For many elderly people, the availability of someone to help them a few hours a day with personal care or household chores can mean the difference between continuing to live at home or moving into a nursing home.

Home-based care is a new and growing field and many of the services are unregulated. Here are some tips on finding an appropriate care provider and paying for that care:

Consider community resources first. Contact your local Area Agency on Aging, often listed in the phone directory under "senior services" or "human services." Almost every county has one to help seniors remain independent in their own homes. Explain the need for home care and seek recommendations of service providers. A social worker usually will visit to assess the elderly person's needs.
Some services provided by local aging agencies, such as transportation, home-delivered meals and help with household chores, may be available for free or at modest cost, depending on the person's income.

Long-distance caregivers can call the Eldercare Locator at 800-677-1116 to find the appropriate state or local agency to arrange service for an older person in need of assistance.

Private home-care services. Some people may not qualify for government programs or may require more help than local aging agencies offer. They, or their family members, may have to look for private home care services providers. Check your phone directory under "personal care services" or "home care services."
Home care aides run the gamut from companions and housekeeping aides to those who help with personal care such as bathing, dressing and grooming. Fees usually run from $10 to $16 an hour. People with specific health problems may require a visiting nurse.

In exploring home-based care, check whether the service you contact is an agency, which screens, trains and supervises its employees, or merely a registry of independent caregivers. Also ask if the service is licensed - if required in your state - and accredited by a professional association, indicating a higher standard of quality.

"Usually, the people who are referred instead of being employed are cheaper," said Margaret Terry, executive director of Homemaker Health Aide Services of the National Capital Area, a home care agency in Washington, D.C.
"But the less costly person comes with a potentially big price," she said. Terry explained that if one of her employees is unable to visit a client on a particular day, a replacement is found. And if an aide is injured on the job, such as hurting her back when trying to lift an elderly person out of bed, the agency - not the client - is liable.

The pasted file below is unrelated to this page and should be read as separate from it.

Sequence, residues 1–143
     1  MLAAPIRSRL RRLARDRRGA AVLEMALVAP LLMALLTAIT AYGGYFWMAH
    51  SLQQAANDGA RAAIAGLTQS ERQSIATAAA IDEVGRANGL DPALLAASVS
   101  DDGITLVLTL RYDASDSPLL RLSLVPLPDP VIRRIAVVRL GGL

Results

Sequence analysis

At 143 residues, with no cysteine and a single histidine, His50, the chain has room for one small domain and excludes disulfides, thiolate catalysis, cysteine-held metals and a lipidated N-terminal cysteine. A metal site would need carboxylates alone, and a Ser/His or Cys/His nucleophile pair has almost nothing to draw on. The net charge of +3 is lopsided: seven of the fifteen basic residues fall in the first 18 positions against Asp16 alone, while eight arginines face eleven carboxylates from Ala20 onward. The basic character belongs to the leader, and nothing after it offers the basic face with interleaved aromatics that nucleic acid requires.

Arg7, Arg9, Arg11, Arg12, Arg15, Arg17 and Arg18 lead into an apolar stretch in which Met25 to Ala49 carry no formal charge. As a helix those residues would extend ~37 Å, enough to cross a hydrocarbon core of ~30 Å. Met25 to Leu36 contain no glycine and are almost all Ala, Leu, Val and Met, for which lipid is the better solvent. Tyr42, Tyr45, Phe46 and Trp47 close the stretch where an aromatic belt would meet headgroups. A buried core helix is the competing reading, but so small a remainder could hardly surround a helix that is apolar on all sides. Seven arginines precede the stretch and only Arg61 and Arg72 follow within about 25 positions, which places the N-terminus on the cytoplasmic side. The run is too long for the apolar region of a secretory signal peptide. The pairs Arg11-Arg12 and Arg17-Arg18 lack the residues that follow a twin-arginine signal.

When you hire an independent caregiver, you become the employer. That means you are liable for injuries, for withholding Social Security taxes, and for filing the proper tax documents. (To learn more about tax responsibilities of employers of household help, call the IRS toll free at 800-829-3676 and request Publication 907.)

Some people find, however, that less expensive independent caregivers are the only way they can afford home-based care. An excellent book on the subject, "Home Care for Older People," discusses the advantages and disadvantages of various home care options and how to find needed help. For a copy, send $12 ot United Senior Health Cooperative, 1331 H. Street, N.W., Suite 500, Washington, D.C. 20005.

Paying for care. Once you find the home-based care you need, the next challenge is paying for it. Medicare, the government's health care program for those 65 and over, does not cover long-term care or help with personal or household services. However, Medicare will pay for home care services related to acute, short-term health problems if a person is homebound, under a physician's care, and needs part-time or intermittent skilled nursing services or physical or speech therapy.
Private insurance pays very few home care costs. Some newer supplemental medical insurance policies, known as medigap, offer limited coverage for home care, but only when a patient is also receiving Medicare.

Private long-term care insurance policies often cover home-based care. But these policies are still so new and relatively expensive that only a small percentage of the elderly have them. The bottom line is that if you need private home care services, you're probably going to have to pay for it yourself. That may mean liquidating assets or engaging in some creative financing, such as applying for a reverse mortgage where the lender pays the homeowner.